Turning left into Ripley was a relief to say the very least; a relief that I had survived a horrible stretch of 15 km of cycling. Nice little place by the way, albeit a place where everything is currently shut. Rarely have I seen so many signs saying ‘Private, No Entry‘ including one handwritten monster say ‘Private. No Bikes‘ as if bikes needed singling out in the same way that in the 1950 it was, apparently, common to see ‘No Irish. No Blacks‘ on signs in the windows of Bed & Breakfast establishments. I think ‘Private. No Entry‘ would have sufficed. I digress…
What followed, however, was a delight. The Nidderdale Greenway. Not my photo:
It was still just as wet and cold as before – nothing had changed on that score – but who cared? This was cycling heaven. The trees prevented Strava from grasping hold of the GPS data (hence the straight line above) but after 6 km of cycling bliss along a well-maintained track through very pretty countryside, over a viaduct and into the centre of Harrogate, that was the least of my concerns. Just as rain-sodden and frozen upon arrival at the train station in Harrogate as I had been upon arrival at my friend’s house in Ripon, it was of no concern that Northern Trains don’t offer a tumble drying service. I dripped, slowly warmed (or at least became less cold) and smiled. And even better, when I woke this morning, I had this to look at once again:
My fully functioning bicycle. Worth all the effort.
Note to self: avoid choosing the coldest and wettest day of the season to fetch your bicycle from Tadcaster in future…
reminded me of cycling the TPT in June 2007. We were with a Norwegian cyclist and didnt put on dry clothes for 10 days!! madness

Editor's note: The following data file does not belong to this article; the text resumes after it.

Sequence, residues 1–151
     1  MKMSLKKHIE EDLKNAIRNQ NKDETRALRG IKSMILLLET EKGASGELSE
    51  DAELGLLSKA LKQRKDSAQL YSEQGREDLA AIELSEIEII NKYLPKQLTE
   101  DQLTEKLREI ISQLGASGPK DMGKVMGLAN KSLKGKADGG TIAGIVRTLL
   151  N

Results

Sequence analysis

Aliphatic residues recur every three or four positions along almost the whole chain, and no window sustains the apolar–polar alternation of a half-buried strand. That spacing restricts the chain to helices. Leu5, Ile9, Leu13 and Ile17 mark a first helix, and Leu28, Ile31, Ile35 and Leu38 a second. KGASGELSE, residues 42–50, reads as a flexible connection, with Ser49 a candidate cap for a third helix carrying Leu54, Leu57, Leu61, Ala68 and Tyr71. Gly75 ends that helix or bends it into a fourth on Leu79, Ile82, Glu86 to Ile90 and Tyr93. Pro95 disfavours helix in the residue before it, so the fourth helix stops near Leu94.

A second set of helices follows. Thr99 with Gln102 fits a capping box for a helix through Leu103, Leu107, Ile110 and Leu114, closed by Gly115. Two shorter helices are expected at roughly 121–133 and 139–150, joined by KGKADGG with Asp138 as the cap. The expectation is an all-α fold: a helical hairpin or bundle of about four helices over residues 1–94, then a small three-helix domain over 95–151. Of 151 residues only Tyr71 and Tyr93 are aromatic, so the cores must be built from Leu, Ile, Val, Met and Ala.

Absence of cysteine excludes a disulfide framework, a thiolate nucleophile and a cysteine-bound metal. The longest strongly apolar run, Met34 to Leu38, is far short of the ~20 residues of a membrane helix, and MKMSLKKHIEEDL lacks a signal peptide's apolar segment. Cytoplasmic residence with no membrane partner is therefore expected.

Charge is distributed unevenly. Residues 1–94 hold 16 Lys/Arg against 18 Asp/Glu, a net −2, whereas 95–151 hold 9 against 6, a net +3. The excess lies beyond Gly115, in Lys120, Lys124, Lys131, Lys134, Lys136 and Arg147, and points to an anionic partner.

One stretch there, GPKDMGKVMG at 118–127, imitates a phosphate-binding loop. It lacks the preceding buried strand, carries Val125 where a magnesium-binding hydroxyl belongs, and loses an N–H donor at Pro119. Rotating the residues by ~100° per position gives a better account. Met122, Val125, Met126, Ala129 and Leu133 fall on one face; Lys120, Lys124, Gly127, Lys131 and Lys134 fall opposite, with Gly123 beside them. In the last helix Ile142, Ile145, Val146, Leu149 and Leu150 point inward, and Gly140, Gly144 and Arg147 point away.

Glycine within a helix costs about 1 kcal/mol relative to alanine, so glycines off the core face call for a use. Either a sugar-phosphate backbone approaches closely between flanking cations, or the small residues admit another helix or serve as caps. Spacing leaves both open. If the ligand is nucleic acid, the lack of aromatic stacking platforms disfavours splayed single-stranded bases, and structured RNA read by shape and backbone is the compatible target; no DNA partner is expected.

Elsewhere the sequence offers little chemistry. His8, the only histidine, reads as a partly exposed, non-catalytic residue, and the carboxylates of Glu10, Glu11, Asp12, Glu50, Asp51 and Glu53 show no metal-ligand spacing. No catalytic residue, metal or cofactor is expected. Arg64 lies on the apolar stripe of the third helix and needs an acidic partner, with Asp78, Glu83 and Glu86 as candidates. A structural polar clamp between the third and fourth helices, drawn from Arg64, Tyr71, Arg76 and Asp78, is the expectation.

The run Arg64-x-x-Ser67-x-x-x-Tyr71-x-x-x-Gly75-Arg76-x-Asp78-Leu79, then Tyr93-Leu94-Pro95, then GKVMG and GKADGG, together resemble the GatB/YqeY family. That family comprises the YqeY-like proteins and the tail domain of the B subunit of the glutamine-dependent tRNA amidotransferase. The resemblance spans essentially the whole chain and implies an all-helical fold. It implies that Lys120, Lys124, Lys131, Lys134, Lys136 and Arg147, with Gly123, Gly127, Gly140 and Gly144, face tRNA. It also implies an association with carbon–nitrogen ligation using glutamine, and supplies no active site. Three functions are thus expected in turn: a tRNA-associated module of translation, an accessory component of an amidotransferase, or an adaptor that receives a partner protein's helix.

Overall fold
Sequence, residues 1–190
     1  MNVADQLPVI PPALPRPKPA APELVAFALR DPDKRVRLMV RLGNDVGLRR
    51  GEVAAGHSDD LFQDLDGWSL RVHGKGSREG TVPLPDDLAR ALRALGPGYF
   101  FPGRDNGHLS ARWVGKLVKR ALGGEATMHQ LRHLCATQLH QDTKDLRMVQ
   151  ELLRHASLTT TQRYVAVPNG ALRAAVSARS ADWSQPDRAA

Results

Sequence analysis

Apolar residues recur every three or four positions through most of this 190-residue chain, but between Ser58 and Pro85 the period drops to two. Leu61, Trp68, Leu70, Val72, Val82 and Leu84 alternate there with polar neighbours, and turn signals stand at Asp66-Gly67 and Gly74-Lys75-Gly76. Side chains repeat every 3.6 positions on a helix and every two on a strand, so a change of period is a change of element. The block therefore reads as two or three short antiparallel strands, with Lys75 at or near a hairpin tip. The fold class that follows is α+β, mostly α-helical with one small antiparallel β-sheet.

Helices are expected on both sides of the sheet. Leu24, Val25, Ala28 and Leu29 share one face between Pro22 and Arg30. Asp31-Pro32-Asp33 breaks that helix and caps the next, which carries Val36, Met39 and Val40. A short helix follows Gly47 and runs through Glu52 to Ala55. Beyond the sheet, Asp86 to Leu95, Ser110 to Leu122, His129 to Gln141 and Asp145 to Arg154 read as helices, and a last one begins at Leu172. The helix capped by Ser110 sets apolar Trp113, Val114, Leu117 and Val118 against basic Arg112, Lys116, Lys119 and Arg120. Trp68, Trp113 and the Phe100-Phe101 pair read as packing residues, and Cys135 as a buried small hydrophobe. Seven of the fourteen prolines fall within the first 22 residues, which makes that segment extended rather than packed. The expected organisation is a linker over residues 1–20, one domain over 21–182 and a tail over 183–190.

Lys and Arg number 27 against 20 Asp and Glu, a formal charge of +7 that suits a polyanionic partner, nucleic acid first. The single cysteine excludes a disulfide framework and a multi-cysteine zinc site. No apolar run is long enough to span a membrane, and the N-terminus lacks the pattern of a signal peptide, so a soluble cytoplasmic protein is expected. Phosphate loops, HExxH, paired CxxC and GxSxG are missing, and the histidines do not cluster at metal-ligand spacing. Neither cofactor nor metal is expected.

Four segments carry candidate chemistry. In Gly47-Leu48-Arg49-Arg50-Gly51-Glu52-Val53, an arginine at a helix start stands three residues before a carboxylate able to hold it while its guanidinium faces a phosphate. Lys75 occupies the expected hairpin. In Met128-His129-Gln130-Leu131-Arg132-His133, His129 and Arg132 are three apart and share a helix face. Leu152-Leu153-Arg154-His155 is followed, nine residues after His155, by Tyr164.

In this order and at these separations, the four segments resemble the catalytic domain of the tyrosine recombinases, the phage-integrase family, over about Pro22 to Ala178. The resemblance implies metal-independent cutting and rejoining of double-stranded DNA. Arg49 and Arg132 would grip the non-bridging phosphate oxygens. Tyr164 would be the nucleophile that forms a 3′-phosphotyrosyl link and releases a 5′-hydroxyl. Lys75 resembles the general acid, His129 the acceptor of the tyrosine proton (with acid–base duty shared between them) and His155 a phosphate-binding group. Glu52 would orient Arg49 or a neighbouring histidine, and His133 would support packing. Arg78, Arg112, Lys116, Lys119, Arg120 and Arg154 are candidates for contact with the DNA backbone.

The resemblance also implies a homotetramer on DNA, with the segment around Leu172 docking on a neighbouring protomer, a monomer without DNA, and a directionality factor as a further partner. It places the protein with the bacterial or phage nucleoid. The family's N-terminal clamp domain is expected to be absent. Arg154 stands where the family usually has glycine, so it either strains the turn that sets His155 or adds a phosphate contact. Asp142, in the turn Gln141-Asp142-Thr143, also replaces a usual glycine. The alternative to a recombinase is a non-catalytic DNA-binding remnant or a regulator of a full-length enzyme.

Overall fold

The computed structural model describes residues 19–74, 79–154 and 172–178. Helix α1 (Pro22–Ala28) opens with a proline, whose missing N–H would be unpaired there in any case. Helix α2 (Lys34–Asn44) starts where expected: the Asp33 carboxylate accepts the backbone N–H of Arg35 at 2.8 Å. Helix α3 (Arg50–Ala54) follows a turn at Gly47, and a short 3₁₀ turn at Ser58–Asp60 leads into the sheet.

we were out in it too only 4 miles from Tadcaster I. did take a few photos and dont think i have done my camera any good
I’ve never used my phone for navigation Andrew, I’m paranoid it will get wet/damaged. I’ve used various solutions. An old Garmin designed for hiking. This had maps and best of all ran on AA batteries so keeping it charged wasn’t an issue. I now plan routes on Strava and sync to an Wahoo Roam. Not a cheap option tho.
Modern iPhones are quite weather-proof. The issue is in using them when it’s cold and wet…
I’m sure they are but I’ve never been confident that they wouldn’t fly off!! Felicity Cloake in her book used an iPhone for navigation and it did play up in the rain however. I did come a major cropper in Spain in 2011 but the Garmin did stick like glue to the handlebars and recorded its journey all the way back to Guermica police station before the batteries ran out!!!
Quad Lock might be what you need; they are very good!
If it was anything like Scotland in August 2014 you have my commiserations. https://www.strava.com/activities/2054407182
So Google Maps first ignored the paved Sustrans 668, then a National Byway to direct you onto the A61. Sounds like you need a new app.
Where is route 668?